The Light at Midnight by Tom Reppert is, in a word, superb. I'm not a student of history. It never was a strong suit of mine at school, and when given a chance, I dropped it in favour of a different class. That said, I'm not ignorant of the atrocities of the second world war, but even still I was unprepared what lay within this book.
This is a masterfully crafted… Read More Reviewed by: Morgan Hobbes Reviewed on: 25th of January, 2021
Outsider: A Forbidden Island Short Story by Lianne Simon is a short story set on Eilean nan Sìthean, a remote island of Scotland forgotten about by the rest of the world. I'm not going to pretend to even think about spelling any of the Gaelic words (except for the few I've picked up looking inside the ebook version), but it's a beautiful story of a young fairy named Màiri who… Read More Reviewed by: Morgan Hobbes Reviewed on: 16th of January, 2021
Immortality, Inc. by Robert Sheckley is another classic sci-fi that's been on my list for a while and have only just got around to reading. I'm on a bit of a nostalgic kick at the moment, and this one fits right in. The future of 2110 as imagined in the 50s.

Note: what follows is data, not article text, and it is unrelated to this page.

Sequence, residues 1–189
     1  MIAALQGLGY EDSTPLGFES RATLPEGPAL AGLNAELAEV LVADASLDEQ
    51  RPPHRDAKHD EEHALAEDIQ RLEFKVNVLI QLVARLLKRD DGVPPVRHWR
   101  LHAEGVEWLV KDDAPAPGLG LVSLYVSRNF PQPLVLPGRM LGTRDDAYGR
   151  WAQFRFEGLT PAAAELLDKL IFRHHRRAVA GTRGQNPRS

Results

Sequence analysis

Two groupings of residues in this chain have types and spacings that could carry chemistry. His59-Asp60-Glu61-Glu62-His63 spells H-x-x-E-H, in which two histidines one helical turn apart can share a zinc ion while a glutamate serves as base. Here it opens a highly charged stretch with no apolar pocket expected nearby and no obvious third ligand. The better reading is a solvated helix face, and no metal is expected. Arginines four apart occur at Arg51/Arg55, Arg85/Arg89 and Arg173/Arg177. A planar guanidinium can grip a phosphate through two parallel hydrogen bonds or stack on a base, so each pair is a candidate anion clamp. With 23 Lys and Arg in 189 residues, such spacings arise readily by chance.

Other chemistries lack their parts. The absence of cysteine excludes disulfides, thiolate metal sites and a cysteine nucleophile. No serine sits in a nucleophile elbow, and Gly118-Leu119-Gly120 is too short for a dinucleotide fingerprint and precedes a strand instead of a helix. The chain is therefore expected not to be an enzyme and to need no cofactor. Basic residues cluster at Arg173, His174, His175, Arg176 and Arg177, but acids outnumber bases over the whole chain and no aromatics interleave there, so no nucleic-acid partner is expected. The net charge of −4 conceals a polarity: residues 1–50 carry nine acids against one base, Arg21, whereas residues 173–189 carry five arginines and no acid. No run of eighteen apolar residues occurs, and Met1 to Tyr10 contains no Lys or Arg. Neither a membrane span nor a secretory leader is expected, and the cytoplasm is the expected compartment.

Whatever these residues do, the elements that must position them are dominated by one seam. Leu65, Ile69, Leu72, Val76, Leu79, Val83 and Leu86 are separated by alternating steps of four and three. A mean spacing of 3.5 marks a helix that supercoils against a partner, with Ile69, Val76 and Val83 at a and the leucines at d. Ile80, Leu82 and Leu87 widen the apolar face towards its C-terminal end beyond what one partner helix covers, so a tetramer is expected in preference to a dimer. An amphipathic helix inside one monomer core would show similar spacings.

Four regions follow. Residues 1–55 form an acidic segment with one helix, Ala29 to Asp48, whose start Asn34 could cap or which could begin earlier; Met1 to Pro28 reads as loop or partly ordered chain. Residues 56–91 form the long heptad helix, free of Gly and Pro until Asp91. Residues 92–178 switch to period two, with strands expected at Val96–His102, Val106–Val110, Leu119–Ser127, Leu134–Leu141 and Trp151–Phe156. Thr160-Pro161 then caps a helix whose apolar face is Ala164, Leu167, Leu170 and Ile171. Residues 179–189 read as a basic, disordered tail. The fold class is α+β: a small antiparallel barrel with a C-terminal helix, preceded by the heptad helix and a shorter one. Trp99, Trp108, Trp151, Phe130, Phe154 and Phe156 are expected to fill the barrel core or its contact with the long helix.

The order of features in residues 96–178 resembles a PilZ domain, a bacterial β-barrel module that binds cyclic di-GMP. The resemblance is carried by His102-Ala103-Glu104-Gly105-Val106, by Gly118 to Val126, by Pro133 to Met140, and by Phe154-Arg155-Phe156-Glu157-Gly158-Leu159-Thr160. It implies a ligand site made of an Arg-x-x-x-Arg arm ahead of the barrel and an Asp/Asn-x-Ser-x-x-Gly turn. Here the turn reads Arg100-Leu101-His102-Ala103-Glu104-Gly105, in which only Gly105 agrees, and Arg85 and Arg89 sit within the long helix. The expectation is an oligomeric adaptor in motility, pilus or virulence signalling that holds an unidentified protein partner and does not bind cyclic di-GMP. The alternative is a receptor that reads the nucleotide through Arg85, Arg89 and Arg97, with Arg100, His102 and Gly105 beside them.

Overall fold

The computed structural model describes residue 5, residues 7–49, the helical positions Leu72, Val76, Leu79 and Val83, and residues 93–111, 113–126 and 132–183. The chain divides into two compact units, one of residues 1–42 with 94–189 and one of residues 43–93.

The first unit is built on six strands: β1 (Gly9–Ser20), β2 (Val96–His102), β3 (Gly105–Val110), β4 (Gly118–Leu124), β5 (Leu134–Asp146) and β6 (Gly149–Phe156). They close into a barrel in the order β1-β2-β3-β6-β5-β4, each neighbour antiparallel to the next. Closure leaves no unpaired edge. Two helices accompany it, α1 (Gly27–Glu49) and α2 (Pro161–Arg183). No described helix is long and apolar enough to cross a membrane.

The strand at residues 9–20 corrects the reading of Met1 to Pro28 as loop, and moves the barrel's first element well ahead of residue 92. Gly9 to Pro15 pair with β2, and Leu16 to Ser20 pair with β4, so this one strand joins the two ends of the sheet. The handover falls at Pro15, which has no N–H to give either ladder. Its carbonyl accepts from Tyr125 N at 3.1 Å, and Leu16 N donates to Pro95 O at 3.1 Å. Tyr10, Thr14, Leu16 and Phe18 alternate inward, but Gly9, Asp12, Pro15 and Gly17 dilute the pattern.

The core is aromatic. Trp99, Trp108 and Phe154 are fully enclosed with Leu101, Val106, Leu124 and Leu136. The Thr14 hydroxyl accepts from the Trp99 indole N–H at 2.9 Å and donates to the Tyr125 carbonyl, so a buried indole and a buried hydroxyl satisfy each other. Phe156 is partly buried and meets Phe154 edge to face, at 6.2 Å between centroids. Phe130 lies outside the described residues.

Mind swapping, indeed, mind-stealing is now commonplace. The afterlife is now a certainty... if you can afford it, of course.… Read More Reviewed by: Morgan Hobbes Reviewed on: 14th of January, 2021
The Man in the Maze by Robert Silverberg is certainly a product of its time. Manly men cavorting across the universe with women there for decoration and to have sex with. If you can get past all that, you're left with a fairly decent sci-fi story that I wish had more... well, more story.
It's a fairly straight forward story - a mysterious maze as old as time kills anyone who… Read More Reviewed by: Morgan Hobbes Reviewed on: 9th of January, 2021
Sex, Lies and the Bomb by Anthony Vincent Bruno left me speechless. Absolutely mind blown by the end. After finishing this book, I looked through his other works and found them to be the polar opposite of his humorous end-of-the-world tale, so he's an astonishingly clever writer.
We start with the incredibly misogynistic Eddie Coltrane as he laments his fate, assuming he's going to get kneecapped by loan sharks in the… Read More Reviewed by: Morgan Hobbes Reviewed on: 3rd of January, 2021